What It’s Like To Live With: Uncontrollable Urination at Night


Jul 16, 2021


Image Credit: Hitesh Sonar For The Swaddle

What It’s Like to Live With explores the stories of people who see and experience every day a little differently.

Please keep in mind the content of this article may cause emotional distress.

As kids, most people wet their bed, but it doesn’t generally continue beyond eight years of age, I’ve been told. In my case, however, it didn’t stop. Even after it stopped for my younger sister, it didn’t for me. My parents figured there might be something wrong with me and took me to see different doctors, who assured them it will stop once I’m a teenager. But it didn’t. I’m almost 21 now.

For a long time, some of my family members used to think I’m deliberately wetting my bed at night. My mother was very hard on me, and would ask, “Why can’t you just get up and go to the bathroom?” I was scolded, but it didn’t help. As much as I didn’t want to do it, it wasn’t in my control. None of my siblings had this “problem” — I used to wonder what is wrong with me?

When I’m awake, I can sense the urge to pee, but I can’t hold it in for very long.

I have memories of being told off for wetting the bed from as far back as when I was in first grade. I got so afraid that I would just change my clothes and wash them without my family finding out. To prevent it from happening, I would not eat or drink anything after 7 p.m. Even if I was thirsty, I just didn’t have water after the cut-off time. Not that this was able to prevent my incontinence, but I was still trying to do my best.

Throughout my teenage years, my parents continued to seek medical help for me. Every time I was taken to see a doctor, I would wish they found something very, very wrong with me — just so everyone would understand I was not doing this deliberately, so they would accept me. But they never found anything physically wrong with me.

Till now, no one knows exactly how this happens. I know people can sense the urge to urinate even when they are asleep — then, they get up to go use the washroom. But I can’t sense that. When I’m asleep, if I urinate, I am probably dreaming of a bathroom, and I can’t differentiate between the dream and reality. So, to my unconscious mind, it seems as if I’m using an actual bathroom when I’m peeing. Or, I’d be dreaming I was next to a waterfall, or there was a running tap near me. When I used to explain this to people, they would just laugh at me.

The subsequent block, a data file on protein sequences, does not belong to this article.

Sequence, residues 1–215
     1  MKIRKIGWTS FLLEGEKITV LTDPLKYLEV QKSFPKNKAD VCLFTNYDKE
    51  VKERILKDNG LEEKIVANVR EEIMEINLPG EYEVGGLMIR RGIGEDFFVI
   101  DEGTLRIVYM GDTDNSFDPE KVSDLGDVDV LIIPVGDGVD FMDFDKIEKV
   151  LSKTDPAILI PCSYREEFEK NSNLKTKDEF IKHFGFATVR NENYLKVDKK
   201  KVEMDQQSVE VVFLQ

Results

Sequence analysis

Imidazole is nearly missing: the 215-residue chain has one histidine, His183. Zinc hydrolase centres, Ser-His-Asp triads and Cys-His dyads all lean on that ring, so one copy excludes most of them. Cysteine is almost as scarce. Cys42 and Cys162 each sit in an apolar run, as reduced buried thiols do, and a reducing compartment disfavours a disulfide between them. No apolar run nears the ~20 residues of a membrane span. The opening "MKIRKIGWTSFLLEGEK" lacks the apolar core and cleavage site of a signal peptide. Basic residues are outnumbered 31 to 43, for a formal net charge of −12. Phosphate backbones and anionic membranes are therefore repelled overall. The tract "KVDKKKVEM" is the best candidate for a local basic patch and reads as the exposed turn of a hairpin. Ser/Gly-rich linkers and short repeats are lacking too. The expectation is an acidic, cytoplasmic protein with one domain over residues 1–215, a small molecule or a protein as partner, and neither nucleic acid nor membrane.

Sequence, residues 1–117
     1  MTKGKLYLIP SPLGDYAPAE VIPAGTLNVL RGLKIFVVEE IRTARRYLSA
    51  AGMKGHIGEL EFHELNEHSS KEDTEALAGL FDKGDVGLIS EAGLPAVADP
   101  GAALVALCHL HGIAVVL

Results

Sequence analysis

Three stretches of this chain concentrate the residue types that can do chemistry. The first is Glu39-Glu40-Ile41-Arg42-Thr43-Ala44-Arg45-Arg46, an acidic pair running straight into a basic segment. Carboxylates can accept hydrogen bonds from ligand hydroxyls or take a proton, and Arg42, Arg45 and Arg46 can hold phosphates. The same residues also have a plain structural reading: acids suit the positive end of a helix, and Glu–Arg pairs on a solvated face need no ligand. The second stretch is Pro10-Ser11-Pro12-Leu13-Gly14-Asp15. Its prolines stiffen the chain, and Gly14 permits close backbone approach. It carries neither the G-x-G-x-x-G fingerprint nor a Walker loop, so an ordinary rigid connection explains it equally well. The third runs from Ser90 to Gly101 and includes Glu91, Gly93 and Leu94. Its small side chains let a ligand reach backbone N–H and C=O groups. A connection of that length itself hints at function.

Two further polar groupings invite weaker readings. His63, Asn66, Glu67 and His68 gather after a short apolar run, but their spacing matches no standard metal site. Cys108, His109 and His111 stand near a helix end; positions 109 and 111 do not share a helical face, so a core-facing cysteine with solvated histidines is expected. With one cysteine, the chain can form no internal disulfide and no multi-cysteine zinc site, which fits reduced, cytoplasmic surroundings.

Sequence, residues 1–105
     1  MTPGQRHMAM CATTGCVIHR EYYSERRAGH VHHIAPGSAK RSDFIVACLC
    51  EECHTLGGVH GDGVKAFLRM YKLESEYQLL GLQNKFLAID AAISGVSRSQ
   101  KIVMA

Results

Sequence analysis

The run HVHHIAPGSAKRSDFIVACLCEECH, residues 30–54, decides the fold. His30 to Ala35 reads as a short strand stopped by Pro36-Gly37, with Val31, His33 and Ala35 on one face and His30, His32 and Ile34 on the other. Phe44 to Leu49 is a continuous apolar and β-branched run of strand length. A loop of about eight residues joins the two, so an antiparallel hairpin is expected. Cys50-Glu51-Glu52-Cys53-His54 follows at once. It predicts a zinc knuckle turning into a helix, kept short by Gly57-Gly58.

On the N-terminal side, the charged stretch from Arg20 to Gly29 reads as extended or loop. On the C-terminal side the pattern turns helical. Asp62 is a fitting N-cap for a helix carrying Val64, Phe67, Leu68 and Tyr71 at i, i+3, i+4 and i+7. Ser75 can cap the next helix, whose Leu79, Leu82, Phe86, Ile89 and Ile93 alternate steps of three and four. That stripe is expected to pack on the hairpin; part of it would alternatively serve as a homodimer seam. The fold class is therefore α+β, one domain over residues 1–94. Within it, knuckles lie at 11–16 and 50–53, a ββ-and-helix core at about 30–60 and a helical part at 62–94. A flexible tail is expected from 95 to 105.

The doctors also said there was nothing much they could do, but gave me a tablet, which they felt could help reduce the incontinence. They used the term “bed-wetting” while diagnosing me; I discovered the condition is called nocturnal enuresis while using the internet to research on it and understand why it happens — other than physical conditions, turns out, the reasons could range from stress to hormonal changes.

Related on The Swaddle:

Urinary Incontinence in Women Linked to Poorer Mental Health, New Study Shows

Apparently, for most people who experience this, bed-wetting stops after taking the medicine I was prescribed. But it didn’t work for me even though I continued it for two years. After that, I resorted to taking a higher dose of the tablet, too, but that didn’t help either. In the last three years since, I’ve switched to ayurvedic medicine — again, not to much help.

During the 2020 lockdown though, I found it difficult to procure that medicine because it wasn’t available locally — so, I just stopped taking it. I mean, there wasn’t much point to it anyway. The interval of the episodes while I was taking different medicines, and now, is almost the same.

While the frequency of these incidents has decreased now, they still do happen. To avoid it, I try to follow a routine. I set an alarm to wake up at 3 a.m. and at 6 a.m. to use the washroom — and I can never fall asleep too early, no matter how sleepy I am. Over the years, I have become extremely conscious of my sleep cycle.

However, until I was at home, it was still easy to deal with the embarrassment. After I started going to college and staying at a hostel, it became even more difficult. I was worried about what people would think of me when they found out. I had to tell my roommates though — but it really bothered me that I may be disturbing their sleep by waking up in the middle of the night, and switching on the light sometimes, when I had to wash clothes. It was so stressful. Due to Covid19, I’ve come back home again, and it has been a little bit of a relief.

My mother doesn’t scold me anymore, but she does make fun of me — especially when something related to bed-wetting comes up on TV. She doesn’t know how much that affects me and hurts me. I know she still thinks I’m not doing my best to tackle this. My parents are worried about who will marry me, but they’re hopeful that it’ll stop somehow.

Living with this, and being blamed for not doing anything about it, has really affected my self-esteem. Even now, whenever it happens again, all my difficult memories from childhood come back. They’re very clearly etched in my memory. To this day, every incident is followed by a period of sadness.

Not eating and drinking properly has affected my appetite too. I’m underweight now — just 40 kgs. And because my water intake has always been very low, and still is, my skin is very dry. I’m trying to slowly fix these things; accepting that this is who I am, and it isn’t my fault, has been helpful.

Personally, I haven’t met anyone with this condition. I wonder if others like me, who are going through this, are feeling as lonely as I do. I hope learning my story helps them feel less alone.

This interview has been condensed and edited for clarity. As told to Devrupa Rakshit.


Written By The Swaddle Team


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